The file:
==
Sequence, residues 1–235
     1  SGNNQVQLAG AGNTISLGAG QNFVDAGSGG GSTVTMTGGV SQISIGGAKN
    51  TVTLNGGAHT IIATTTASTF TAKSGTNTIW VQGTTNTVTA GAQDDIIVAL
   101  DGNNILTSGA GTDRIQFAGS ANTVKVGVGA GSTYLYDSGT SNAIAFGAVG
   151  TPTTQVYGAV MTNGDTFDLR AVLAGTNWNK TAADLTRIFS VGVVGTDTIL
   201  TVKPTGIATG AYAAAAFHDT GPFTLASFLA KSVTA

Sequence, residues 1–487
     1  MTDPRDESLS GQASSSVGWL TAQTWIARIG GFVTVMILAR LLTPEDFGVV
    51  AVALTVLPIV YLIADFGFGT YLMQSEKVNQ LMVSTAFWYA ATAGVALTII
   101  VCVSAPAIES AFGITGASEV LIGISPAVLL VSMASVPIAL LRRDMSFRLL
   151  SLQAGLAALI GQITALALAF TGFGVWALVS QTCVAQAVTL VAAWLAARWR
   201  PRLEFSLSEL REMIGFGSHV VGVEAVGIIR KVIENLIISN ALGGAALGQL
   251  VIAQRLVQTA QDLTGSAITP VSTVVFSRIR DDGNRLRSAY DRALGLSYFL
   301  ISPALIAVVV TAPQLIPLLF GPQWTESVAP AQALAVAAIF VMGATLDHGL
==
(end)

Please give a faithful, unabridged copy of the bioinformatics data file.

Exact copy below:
Sequence, residues 1–235
     1  SGNNQVQLAG AGNTISLGAG QNFVDAGSGG GSTVTMTGGV SQISIGGAKN
    51  TVTLNGGAHT IIATTTASTF TAKSGTNTIW VQGTTNTVTA GAQDDIIVAL
   101  DGNNILTSGA GTDRIQFAGS ANTVKVGVGA GSTYLYDSGT SNAIAFGAVG
   151  TPTTQVYGAV MTNGDTFDLR AVLAGTNWNK TAADLTRIFS VGVVGTDTIL
   201  TVKPTGIATG AYAAAAFHDT GPFTLASFLA KSVTA

Sequence, residues 1–487
     1  MTDPRDESLS GQASSSVGWL TAQTWIARIG GFVTVMILAR LLTPEDFGVV
    51  AVALTVLPIV YLIADFGFGT YLMQSEKVNQ LMVSTAFWYA ATAGVALTII
   101  VCVSAPAIES AFGITGASEV LIGISPAVLL VSMASVPIAL LRRDMSFRLL
   151  SLQAGLAALI GQITALALAF TGFGVWALVS QTCVAQAVTL VAAWLAARWR
   201  PRLEFSLSEL REMIGFGSHV VGVEAVGIIR KVIENLIISN ALGGAALGQL
   251  VIAQRLVQTA QDLTGSAITP VSTVVFSRIR DDGNRLRSAY DRALGLSYFL
   301  ISPALIAVVV TAPQLIPLLF GPQWTESVAP AQALAVAAIF VMGATLDHGL